mentioned as a valid use of the March 2002 Reed Act                      ommendations of the ACUC (1996a), a 1980 national
distribution to Florida from the federal UI account.17

16
   “All states should use a movable base period in cases in which its use would qualify an Unemployment Insurance claimant to meet the state’s
monetary eligibility requirements” (ACUC 1995, 17).
17
   P.L. 107-147, signed into law March 9, 2002.

     20       Florida’s Unemployment Insurance System: Barriers to Program Adequacy
UI commission (National Commission on Unemploy-                          tively impact women, low-wage, and part-time workers.
ment Compensation), 18 and the National Commission                       By their very nature, monetary eligibility criteria require
for Employment Policy (1995). Finally, it is important                   low-wage workers to have more hours of employment
to emphasize that where an individual recovers UI due                    than higher-wage workers must have, in order to meet
to these changes in the law, the claim is not charged                    the same earnings threshold. Since the law was changed
against the employer’s UI tax rate. Instead, in most states,             in 1996, Florida has required higher earnings than any
such payments are considered “non-charged” benefits,                     other state.
meaning that the benefits are absorbed by the UI trust
fund and do not affect the employer’s experience rating.                 ·    Reduce administrative barriers for individuals with
                                                                              limited English proficiency.
·    Ensure that the long-term unemployed receive a
     full 26 weeks of state unemployment benefits, thus                        Information about the UI system, application materi-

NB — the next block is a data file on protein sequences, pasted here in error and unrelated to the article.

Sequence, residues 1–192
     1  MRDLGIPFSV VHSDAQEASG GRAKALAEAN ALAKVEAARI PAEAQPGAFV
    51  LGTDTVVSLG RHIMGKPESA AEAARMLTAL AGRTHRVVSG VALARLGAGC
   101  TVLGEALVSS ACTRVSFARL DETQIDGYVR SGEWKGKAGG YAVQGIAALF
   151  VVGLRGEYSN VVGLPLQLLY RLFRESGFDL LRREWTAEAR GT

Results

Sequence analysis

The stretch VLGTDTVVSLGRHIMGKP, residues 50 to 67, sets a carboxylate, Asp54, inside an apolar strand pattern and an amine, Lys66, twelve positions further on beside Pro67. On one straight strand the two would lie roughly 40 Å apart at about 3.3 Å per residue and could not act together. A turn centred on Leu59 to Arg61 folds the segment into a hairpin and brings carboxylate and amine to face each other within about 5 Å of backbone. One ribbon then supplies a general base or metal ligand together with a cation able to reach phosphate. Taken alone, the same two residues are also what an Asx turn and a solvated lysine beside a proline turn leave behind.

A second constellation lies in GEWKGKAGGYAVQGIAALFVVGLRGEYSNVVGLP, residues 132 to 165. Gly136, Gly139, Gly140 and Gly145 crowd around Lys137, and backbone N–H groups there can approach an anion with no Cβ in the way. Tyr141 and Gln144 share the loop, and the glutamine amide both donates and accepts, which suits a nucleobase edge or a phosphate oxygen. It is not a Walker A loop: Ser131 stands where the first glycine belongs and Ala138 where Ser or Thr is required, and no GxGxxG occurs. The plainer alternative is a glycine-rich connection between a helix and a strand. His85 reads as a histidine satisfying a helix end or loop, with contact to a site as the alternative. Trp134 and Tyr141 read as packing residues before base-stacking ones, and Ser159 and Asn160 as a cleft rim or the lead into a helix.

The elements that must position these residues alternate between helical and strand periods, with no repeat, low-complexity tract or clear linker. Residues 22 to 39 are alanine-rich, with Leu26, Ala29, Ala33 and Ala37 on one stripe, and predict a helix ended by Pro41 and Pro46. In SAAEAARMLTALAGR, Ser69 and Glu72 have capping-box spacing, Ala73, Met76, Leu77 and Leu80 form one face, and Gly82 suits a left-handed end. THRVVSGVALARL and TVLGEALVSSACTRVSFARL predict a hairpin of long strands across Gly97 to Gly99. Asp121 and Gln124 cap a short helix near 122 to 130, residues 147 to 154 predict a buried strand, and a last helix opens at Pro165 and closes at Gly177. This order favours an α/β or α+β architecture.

also providing several additional weeks of extended                 als, and notices regarding claims processing should be made
     benefits paid for by the federal program.                           available in translation to all workers. In-person claims
                                                                         filing services are also important to ensure that workers
     Florida’s workers, especially those unemployed as a                 without access to telephones or computers are not shut
result of the recession, receive far fewer weeks of unem-                out of the UI system. Efforts should be made to mitigate
ployment benefits compared to nearly every other state.                  the negative consequences of other factors such as the
More than one quarter of all Florida workers run out of                  growth of employee leasing companies and lack of legal
unemployment benefits at just 14 weeks, a proportion that                representation in appeals proceedings.
is nearly four times the national average.
     Not only are many long-term jobless workers denied
additional weeks of state-funded unemployment benefits,
the state rules also prevent these workers from collecting
the full 13 weeks of unemployment benefits they would
otherwise be entitled to under the federal extended ben-
efits programs. As a result, the state has failed to access an
estimated $99 million in federal unemployment benefits,
which would have a significant impact on the local econo-
mies hardest hit by unemployment in Florida.
     Accordingly, Florida should follow the lead of those
states that provide a uniform 26 weeks of state unem-
ployment benefits (OWS 2001, Table 309). At a minimum,
the state should revise the benefit formula and guarantee
that no worker who qualifies for the program receives less
than 20 weeks of state unemployment benefits, provided
they are actively looking for work and remain unemployed.

·    Lower the earnings threshold for UI, to reduce
     inequities based on workers’ wages and acknowl-
     edge the labor force attachment of women, low-
     wage, and part-time workers.

    More than any other feature of Florida’s UI system,
the state’s standards for determining whether an indi-
vidual has a sufficient wage history to qualify for UI nega-


18
  This report stated that “there should be no disqualification in the case of voluntary quit for ‘good cause’, including sexual harassment and
compelling family circumstances” (National Commission on Unemployment Compensation (1980), p. 49).

                                                                                  Institute for Women’s Policy Research               21